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Movie review: Biopic 'Mary Shelley' recreates romance behind groundbreaking 'Frankenstein'
Elle Fanning as the title character in Mary Shelley. - photo by Josh Terry
"MARY SHELLEY" 3 stars Elle Fanning, Maisie Williams, Ben Hardy, Stephen Dillane, Douglas Booth; PG-13 (sexuality and thematic elements including substance abuse); Broadway

Mary Shelley is probably not what you would expect it to be or at least not as much of what you would expect it to be. But even if it takes an unexpected path to its finish line, the payoff is worthwhile.

Haifaa Al-Mansours film is a biopic about the author of the early 19th-century novel Frankenstein; or, the Modern Prometheus, which for some, marks ground zero for the science fiction genre. But Mary Shelley doesnt spend a lot of time on exotic electric experimentation or the reanimation of dead tissue. Nor does it spend much time on the aftermath of the authors landmark novel and the long-term fruits of her labors.

Rather, Mary Shelley is more of a romantic drama, focusing on the authors teenage years that run up to Frankensteins 1818 publication. According to the film, it is that romance in Shelleys life or rather, the tumultuous drama it spawned that inspired the book.

We meet Mary (Elle Fanning) as a 16-year-old girl in London, frequently ducking out of her duties at her fathers dusty bookshop to read ghost stories and experiment with her own prose in a nearby cemetery. She comes from a literary family her mother was a prolific writer and an advocate for womens rights before dying shortly after Shelleys birth but her father (Stephen Dillane) would rather she steer her interests into more legitimate genres.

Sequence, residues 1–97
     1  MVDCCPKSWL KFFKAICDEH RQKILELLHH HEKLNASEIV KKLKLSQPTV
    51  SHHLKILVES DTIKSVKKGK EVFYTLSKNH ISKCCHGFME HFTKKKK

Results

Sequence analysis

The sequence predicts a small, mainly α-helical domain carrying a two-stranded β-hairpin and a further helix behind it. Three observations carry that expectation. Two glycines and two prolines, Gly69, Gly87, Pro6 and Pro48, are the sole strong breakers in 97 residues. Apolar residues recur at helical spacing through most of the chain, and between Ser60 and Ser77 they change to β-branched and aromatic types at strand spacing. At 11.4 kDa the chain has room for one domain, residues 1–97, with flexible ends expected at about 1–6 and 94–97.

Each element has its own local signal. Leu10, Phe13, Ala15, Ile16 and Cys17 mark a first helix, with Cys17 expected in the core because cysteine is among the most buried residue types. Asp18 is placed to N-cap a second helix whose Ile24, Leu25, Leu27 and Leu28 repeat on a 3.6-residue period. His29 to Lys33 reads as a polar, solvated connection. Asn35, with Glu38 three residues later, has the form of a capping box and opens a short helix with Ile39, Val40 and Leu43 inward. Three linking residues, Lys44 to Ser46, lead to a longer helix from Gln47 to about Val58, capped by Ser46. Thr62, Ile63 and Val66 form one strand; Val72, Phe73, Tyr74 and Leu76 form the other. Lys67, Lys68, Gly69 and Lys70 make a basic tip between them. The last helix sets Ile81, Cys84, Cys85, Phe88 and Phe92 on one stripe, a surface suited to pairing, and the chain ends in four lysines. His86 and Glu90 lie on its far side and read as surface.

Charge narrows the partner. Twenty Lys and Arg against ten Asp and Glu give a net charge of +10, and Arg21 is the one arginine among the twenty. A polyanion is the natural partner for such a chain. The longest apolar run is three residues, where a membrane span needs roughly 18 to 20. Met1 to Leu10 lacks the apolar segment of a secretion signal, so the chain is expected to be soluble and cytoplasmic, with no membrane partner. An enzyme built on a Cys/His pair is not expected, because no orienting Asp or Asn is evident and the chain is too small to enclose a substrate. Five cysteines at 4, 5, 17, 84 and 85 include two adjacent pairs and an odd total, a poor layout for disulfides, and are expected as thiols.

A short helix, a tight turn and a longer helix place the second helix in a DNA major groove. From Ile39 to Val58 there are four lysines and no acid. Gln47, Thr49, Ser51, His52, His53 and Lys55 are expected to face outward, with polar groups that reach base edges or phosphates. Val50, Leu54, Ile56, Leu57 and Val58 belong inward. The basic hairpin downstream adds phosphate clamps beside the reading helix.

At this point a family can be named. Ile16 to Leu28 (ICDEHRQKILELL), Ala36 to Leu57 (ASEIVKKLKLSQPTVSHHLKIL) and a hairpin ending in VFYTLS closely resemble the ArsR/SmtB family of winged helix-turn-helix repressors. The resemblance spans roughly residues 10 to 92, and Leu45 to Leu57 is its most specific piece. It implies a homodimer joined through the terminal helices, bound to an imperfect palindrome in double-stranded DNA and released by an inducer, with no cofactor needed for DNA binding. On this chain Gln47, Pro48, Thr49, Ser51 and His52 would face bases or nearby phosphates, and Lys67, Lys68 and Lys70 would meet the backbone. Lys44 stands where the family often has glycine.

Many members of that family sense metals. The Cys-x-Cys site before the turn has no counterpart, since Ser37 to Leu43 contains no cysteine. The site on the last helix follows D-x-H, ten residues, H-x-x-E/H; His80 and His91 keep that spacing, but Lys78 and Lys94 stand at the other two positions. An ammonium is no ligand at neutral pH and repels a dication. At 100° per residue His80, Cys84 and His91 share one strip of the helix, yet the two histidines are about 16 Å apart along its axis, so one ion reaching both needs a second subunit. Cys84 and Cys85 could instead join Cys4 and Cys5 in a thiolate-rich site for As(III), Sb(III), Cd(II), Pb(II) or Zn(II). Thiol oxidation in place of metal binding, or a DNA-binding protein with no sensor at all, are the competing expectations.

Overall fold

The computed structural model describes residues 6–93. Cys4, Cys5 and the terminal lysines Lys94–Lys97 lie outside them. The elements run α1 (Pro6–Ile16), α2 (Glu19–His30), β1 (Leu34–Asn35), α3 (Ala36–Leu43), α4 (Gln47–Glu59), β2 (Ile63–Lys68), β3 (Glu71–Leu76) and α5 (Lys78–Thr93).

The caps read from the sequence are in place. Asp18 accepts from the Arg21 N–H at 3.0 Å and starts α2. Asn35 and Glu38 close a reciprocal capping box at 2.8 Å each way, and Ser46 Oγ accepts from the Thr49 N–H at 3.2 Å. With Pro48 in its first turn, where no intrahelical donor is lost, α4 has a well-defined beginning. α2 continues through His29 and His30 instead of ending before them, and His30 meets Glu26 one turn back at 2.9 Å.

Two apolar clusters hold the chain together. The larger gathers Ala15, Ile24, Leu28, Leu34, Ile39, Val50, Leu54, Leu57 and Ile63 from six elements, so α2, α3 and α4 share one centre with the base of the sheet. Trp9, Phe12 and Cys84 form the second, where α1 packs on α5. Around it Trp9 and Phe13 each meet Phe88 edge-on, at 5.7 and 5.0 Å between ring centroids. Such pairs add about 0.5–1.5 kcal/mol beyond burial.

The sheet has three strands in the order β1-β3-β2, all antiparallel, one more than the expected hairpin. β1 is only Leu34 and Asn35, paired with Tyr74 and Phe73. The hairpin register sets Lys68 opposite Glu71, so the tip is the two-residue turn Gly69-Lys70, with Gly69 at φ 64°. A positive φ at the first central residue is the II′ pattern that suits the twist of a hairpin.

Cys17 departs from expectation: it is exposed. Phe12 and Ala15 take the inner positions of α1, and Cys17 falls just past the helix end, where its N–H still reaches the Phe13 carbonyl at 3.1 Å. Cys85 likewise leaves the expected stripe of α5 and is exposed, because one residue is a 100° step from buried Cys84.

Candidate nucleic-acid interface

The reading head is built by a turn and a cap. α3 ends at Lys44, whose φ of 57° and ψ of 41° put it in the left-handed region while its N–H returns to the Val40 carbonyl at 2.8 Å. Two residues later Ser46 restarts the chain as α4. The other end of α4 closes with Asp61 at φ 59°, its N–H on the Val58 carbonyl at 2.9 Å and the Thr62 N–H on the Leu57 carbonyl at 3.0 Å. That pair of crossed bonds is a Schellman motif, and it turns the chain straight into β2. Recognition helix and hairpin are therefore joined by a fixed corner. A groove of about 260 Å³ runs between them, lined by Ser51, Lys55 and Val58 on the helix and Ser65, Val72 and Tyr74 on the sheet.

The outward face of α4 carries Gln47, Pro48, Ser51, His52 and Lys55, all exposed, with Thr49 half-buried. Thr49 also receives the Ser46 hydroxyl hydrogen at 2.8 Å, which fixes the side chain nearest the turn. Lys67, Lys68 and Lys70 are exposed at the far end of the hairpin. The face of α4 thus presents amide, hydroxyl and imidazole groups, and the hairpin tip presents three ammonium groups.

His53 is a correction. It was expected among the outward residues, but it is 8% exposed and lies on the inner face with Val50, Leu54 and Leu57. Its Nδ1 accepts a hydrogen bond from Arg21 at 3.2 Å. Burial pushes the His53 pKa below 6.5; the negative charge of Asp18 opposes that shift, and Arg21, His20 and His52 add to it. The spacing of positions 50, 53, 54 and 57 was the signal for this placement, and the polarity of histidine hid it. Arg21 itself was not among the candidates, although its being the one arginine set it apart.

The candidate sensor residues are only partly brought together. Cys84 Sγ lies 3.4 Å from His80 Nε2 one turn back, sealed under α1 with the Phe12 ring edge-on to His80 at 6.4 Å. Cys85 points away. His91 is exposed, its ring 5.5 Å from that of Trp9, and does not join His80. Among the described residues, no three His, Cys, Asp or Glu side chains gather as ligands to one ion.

It's with this in mind that he sends Mary to Scotland, with the charge to find your own voice. Instead, she finds her muse: Percy Shelley (Douglas Booth), a wealthy and already successful poet who swiftly captures Marys heart and doesnt tell her he already has a wife and child.

Most of Mary Shelley is built around the twists and turns of this relationship, as Mary and Percy run off together with Marys sister Claire (Bel Powley) in tow and struggle against a variety of financial, social and romantic troubles. Along the way, Mary must evolve from her shortsighted idealism into the state that eventually produces Frankenstein.

Fans of Shelleys book, or the horror/science fiction genre in general, may be disappointed to only get fleeting glimpses of the specific inspirations that led to that murky, dungeonlike laboratory where Dr. Frankenstein brought his creation to life, and more informed audiences may bristle over the films historical accuracy. But Mary Shelley succeeds where many films fail, in that Al-Mansour, who also directed 2012s Wadjda, spends enough time with her protagonist to really bring the character to life.

You can read Mary Shelley as a critique of the kind of naive, youthful arrogance that questions the wisdom of those who have come before, and its easy to see how its themes may be applied today (though, again, that may just be a reflection of its modern interpretation). Mary sets off with Percy on a quest to achieve a kind of morally uninhibited lifestyle, but when she sees its reality, she realizes she harbors other, stronger values deep down.

Fanning is excellent as Mary, emoting maturity and growing wisdom juxtaposed against fading youth and innocence. Though she gets support from Booth and Tom Sturridge, who plays Lord Byron, another reckless and wealthy artist, Fanning carries the film on her shoulders and does an impressive job.

Horror fans may yearn for more of the macabre, and its historical groundings may be up for debate, but Mary Shelley is an engaging character study and a celebration of a landmark author.

"Mary Shelley" is rated PG-13 for sexuality and thematic elements including substance abuse; running time: 120 minutes.